In regards to this question on meta Stackoverflow I had a look at what definitions one find for "browser". My definition of to browse is in short looking for information or things of interest. In ...
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2answers
255 views

How to find words which are related morphologically?

I'm looking for a book, or any other source, which lists words that are morphologically related, like this: imagine verb imagination noun imaginative adjective Or this: medic ...
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1answer
3k views

Is there a simple word -> noun/verb/pronoun table? [closed]

I'm after a basic list of words and their "role" in language. It could be plain text, excel, csv, but all I want is, eg: cat noun run verb etc. Simple as that. I'm teaching a young friend who's ...
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1answer
23 views

Help with “Rush the net”

It didn’t feel any more disjunctive than seeing Suzanne Lenglen rush the net in a full-length dress in say, 1916. Hey guys! I did not get meaning of "rush the net" exactly. Any idea? Thanks a ...
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1answer
59 views

What algorithm decideds whether to retain a word or drop it while downsizing a dictionary? [closed]

One approach I can think of is eliminating most of the words that are very commonly used in spoken English(since a prospective reader is likely to know meaning of most frequently used words, or he/she ...
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2answers
194 views

'(death) throes' - countability?

In my Oxford Advanced Learner's Dictionary the word 'throe' is not listed, only 'throes'. With other nouns, the dictionary clearly indicates whether nouns are countable or uncountable, however, with '...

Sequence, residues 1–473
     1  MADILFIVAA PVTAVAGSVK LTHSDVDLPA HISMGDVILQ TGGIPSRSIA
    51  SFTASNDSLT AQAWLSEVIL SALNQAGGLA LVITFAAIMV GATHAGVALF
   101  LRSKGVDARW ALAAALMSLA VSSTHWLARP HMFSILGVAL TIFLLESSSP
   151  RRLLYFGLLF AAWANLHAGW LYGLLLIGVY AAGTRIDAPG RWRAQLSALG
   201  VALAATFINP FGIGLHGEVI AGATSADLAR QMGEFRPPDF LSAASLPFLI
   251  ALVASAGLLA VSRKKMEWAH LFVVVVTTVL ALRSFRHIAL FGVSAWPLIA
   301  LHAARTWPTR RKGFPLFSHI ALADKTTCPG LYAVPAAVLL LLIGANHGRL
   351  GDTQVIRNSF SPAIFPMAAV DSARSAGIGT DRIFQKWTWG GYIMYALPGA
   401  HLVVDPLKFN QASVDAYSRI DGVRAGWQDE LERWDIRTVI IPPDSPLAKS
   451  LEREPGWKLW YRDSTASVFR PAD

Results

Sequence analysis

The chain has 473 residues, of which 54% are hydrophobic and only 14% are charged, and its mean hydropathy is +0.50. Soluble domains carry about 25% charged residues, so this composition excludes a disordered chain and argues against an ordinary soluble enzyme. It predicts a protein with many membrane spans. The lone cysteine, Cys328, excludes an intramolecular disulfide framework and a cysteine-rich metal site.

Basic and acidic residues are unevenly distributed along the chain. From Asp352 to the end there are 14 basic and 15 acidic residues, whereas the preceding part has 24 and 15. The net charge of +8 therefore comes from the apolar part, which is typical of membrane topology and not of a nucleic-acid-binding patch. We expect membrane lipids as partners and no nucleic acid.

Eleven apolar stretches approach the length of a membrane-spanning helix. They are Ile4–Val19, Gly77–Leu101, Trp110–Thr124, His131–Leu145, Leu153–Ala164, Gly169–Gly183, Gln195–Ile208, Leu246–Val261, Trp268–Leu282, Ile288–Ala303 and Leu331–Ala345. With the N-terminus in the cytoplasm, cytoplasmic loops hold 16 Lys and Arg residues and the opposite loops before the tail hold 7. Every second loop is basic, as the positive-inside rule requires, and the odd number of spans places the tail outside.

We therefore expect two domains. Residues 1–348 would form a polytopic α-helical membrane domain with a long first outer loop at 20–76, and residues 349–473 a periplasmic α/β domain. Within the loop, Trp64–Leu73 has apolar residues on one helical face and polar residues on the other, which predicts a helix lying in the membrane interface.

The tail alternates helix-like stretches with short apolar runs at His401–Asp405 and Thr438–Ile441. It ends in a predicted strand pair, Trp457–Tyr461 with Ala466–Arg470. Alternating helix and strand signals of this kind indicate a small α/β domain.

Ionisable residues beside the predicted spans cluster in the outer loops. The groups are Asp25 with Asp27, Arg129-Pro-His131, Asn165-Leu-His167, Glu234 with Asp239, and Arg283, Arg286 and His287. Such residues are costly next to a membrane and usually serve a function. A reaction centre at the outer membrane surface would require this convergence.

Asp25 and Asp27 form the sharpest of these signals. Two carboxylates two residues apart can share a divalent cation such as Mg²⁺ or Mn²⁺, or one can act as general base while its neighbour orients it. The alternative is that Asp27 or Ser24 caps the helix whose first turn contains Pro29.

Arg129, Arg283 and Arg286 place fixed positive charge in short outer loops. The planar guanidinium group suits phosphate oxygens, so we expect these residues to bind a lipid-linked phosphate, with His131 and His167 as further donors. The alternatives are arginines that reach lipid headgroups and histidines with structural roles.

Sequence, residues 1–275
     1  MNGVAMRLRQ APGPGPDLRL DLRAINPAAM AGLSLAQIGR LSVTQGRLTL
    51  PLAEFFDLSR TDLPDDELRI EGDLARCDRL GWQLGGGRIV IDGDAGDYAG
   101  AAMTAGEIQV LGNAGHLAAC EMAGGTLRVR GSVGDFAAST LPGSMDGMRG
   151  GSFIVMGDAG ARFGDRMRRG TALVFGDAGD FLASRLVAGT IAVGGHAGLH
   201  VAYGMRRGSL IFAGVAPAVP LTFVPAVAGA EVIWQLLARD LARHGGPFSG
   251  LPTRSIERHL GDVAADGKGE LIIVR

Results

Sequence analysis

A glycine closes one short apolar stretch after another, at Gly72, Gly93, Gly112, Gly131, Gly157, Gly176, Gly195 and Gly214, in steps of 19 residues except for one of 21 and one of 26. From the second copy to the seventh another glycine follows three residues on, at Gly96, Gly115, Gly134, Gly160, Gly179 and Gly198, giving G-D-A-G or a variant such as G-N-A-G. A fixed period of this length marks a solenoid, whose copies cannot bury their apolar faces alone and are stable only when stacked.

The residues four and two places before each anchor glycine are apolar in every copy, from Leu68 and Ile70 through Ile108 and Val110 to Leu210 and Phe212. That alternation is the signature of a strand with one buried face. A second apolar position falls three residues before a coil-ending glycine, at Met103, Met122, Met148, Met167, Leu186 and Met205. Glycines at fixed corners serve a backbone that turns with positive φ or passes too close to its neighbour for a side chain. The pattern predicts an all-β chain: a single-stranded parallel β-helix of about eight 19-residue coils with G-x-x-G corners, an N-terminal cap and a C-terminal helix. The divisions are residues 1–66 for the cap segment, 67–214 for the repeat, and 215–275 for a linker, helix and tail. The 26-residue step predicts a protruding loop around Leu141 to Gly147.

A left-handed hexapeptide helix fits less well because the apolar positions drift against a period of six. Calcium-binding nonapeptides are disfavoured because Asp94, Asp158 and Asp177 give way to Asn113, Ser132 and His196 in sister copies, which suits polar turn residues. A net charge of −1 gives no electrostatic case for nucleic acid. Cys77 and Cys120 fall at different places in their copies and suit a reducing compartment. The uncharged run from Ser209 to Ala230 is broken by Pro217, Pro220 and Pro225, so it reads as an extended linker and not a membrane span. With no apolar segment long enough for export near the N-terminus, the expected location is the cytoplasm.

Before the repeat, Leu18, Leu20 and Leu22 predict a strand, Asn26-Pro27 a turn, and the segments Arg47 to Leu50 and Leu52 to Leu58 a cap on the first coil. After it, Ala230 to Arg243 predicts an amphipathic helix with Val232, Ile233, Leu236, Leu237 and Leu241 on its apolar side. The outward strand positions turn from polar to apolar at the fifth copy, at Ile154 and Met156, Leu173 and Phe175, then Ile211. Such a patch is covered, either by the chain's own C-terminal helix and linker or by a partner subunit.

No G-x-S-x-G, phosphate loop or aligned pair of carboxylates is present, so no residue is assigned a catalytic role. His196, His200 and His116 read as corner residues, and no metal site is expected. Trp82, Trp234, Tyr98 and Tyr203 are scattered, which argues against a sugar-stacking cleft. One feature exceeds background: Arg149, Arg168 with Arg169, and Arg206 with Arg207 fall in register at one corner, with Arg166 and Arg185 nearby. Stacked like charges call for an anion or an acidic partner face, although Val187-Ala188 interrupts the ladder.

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1answer
148 views

The word “afterclap”

Merriam-Webster defines "afterclap" as "an unexpected damaging or unsettling event following a supposedly closed affair." However, a pastor from Oregon, John Mark Comer, wrote an article about ...
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1answer
943 views

Prepositional phrases on the internet

Is there any online dictionary or database of prepositional phrases? What I would like is to enter e. g. "justification" and it would give me: "justification to somebody", "justification of something",...
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0answers
43 views

Is it Possible to Learn Indo-Proto-European?

Is there a reputable and/or notable dictionary that lists all the words in Proto-Indo-European that can be translated to their literal equivalent in Modern English?
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0answers
50 views

Does OED (and other major dictionaries) use the label “Slang” or only “Informal”?

I was just looking at some slang words in dictionaries. Surprisingly they are all (that I could find) labelled "informal". I couldn't find any labelled "slang". Same deal in other major dictionaries....
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0answers